2018’s Top Green Building Trends Look to Disaster – Resilience, Smart Home Tech, and More
According to the Environmental Protection Agency (EPA), Green building is the practice of creating structures and using processes that are environmentally responsible throughout a building’s life-cycle–from siting to design, construction, operation, maintenance, renovation, and deconstruction.
Most emerging trends in green building have tended to focus on energy conservation and sustainable building practices. But in 2018, Earth’s changing environment and emerging technologies have caused quite a seismic shift in the way architects and community planners look at green building practices.
Building for Tomorrow’s Ecosystems
Specifically, building designers are looking to the concept of disaster resiliency in the wake of 2017’s disastrous hurricane season and this year’s swath of nor’easters and blizzards that have been plaguing the West Coast of the United States all winter. A resilient building is designed to withstand a variety of disasters without losing its essential, life-protecting functions. It’s a smart investment for designers and residents; FEMA currently reports that every dollar spent on resiliency saves four dollars in recovery efforts.
But what does resiliency look like in design and function for a typical home? Building for disaster resiliency can take many different forms. Some designers are turning to aerodynamic designs that can withstand extreme wind and rain. Hip roof designs, which are the most basic type of roof, also repel rain or snow quite easily. In general, elevated building designs help eliminate flooding as a potential hazard while designers are giving heavy consideration to these designs in areas that are prone to storm-driven water, tsunamis, and heavy rain.
Designers are also changing the materials they employ in their designs to include stormproof building materials and flood-resistant materials such as stone, brick, concrete, decay-resistant wood, and fiber-reinforced materials to help mitigate storm damage.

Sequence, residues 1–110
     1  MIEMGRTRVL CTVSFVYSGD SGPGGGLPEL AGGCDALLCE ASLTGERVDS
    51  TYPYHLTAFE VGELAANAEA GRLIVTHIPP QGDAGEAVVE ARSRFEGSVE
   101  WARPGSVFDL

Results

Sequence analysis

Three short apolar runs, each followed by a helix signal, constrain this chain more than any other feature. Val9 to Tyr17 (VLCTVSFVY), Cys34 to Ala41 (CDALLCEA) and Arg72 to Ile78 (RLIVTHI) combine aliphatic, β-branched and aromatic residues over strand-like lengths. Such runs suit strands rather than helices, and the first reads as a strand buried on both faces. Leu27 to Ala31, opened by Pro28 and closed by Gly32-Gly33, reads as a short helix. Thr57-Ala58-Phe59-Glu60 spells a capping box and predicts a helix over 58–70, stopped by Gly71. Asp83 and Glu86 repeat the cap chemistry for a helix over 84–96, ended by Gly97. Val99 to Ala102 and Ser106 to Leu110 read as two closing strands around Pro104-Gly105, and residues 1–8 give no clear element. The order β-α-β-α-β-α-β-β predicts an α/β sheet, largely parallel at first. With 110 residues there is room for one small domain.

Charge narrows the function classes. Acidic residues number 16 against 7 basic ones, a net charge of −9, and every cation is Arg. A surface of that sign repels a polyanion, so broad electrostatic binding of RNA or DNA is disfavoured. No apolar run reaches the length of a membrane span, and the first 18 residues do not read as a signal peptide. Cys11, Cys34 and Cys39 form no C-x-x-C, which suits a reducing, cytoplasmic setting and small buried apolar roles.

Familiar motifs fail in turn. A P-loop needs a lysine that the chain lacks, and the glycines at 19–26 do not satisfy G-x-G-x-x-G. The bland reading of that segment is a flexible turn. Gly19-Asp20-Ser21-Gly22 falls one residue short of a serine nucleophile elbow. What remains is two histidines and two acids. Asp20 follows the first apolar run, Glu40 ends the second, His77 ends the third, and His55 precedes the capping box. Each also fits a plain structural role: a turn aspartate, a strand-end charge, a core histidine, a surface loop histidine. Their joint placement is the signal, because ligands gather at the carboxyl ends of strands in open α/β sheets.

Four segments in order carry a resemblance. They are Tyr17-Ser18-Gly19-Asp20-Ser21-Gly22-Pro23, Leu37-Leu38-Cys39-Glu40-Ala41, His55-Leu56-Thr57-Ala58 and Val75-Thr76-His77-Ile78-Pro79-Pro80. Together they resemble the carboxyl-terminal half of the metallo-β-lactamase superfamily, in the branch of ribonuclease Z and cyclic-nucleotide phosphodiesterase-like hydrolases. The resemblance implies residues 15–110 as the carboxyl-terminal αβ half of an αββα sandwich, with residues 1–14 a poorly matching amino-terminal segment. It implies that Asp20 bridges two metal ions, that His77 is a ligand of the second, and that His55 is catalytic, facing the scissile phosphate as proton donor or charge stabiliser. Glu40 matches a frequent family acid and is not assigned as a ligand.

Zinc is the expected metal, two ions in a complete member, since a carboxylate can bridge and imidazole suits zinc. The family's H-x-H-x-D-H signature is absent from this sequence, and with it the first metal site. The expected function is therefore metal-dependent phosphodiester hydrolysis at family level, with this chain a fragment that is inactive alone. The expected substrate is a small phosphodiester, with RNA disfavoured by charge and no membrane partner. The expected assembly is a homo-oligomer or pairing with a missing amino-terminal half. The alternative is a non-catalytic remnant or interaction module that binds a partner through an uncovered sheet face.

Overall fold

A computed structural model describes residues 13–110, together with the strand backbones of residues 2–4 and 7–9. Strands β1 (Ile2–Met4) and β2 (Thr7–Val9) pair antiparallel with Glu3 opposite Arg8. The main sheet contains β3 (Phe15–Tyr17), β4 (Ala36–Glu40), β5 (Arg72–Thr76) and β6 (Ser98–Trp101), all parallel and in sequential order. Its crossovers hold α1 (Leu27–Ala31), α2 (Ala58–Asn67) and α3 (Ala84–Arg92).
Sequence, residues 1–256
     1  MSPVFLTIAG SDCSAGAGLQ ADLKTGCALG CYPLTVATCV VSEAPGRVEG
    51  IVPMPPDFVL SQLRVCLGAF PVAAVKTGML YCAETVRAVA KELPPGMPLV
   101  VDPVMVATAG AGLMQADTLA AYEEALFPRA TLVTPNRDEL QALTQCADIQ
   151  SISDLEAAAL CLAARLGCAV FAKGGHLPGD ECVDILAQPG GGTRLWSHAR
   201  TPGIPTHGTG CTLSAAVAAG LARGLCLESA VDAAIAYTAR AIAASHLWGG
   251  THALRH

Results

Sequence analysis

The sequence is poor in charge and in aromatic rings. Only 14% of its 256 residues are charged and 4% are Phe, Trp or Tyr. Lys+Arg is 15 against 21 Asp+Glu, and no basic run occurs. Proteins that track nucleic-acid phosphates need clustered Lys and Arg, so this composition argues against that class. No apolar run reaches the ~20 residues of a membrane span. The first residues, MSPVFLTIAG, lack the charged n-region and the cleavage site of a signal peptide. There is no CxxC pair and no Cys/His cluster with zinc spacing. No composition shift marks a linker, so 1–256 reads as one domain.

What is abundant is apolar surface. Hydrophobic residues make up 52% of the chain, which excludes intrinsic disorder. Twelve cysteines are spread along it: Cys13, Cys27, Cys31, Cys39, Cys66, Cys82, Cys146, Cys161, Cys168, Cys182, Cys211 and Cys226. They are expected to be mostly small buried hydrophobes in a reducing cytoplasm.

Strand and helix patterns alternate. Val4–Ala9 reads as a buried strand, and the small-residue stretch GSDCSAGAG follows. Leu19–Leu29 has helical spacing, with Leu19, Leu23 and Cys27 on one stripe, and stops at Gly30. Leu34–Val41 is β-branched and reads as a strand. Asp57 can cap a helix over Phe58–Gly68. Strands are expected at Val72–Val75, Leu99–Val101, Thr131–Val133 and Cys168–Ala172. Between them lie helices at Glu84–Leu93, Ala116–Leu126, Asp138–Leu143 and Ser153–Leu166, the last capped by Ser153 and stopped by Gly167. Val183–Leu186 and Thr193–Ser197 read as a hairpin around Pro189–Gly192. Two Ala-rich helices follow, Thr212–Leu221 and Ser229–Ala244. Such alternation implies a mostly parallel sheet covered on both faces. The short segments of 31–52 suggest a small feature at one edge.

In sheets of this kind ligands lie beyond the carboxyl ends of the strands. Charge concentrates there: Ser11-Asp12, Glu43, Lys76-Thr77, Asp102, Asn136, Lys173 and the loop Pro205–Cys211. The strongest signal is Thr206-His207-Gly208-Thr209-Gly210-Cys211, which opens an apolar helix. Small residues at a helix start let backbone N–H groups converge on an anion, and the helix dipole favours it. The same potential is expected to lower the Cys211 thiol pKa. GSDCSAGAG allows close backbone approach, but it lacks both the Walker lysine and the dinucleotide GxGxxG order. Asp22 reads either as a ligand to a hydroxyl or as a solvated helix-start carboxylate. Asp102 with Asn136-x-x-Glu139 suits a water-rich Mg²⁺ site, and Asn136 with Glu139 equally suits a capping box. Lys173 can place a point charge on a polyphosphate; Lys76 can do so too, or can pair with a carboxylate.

In short, developers tend to consider resiliency in terms of mitigation and insurance costs, while architects and designers are considering more extreme weather patterns than they might have during previous storm and hurricane seasons.
Employing Smart Home Technology to Protect Loved Ones
The emerging smart home technology market is also proving to be a major trend for designers and builders in 2018. The latest smart home tech can provide major efforts towards disaster preparedness and mitigating extreme climate events.
For example, smart home automation systems can be employed to control power distribution during a disaster. Smart thermostats are Internet-connected devices that can monitor a home’s temperature and power usage and adjust throughout the day to maximize efficiency. Smart speakers can be used to monitor weather watches, alerts, and warnings to help families better prepare to face an approaching storm or other weather hazard.
Home security systems can provide benefits beyond security by detecting fires or floods and alerting the homeowners and appropriate authorities. These systems can also be monitored remotely in the event of an evacuation.
Expect to see more disaster resiliency features in smart home devices as the market continues to evolve.
Different Energy Sources for a Better Tomorrow
Of course, architects and designers haven’t abandoned basic concepts like energy and power needs. Builders are increasingly looking to reduce dependency on power grid infrastructure, especially in the wake of Puerto Rico’s disastrous power crisis during last year’s hurricane season.
Another trend concerning energy is the implementation of solar technology as a way to combat energy costs and reliance on the power grid. Power storage systems are another emerging trend as battery systems like the Tesla Powerwall prove that the concept of storing electricity can help mitigate the impacts of storm events.
2018 might just be the year that our homes became not only tough, but smart as well.
Photo Credit: Inhabitat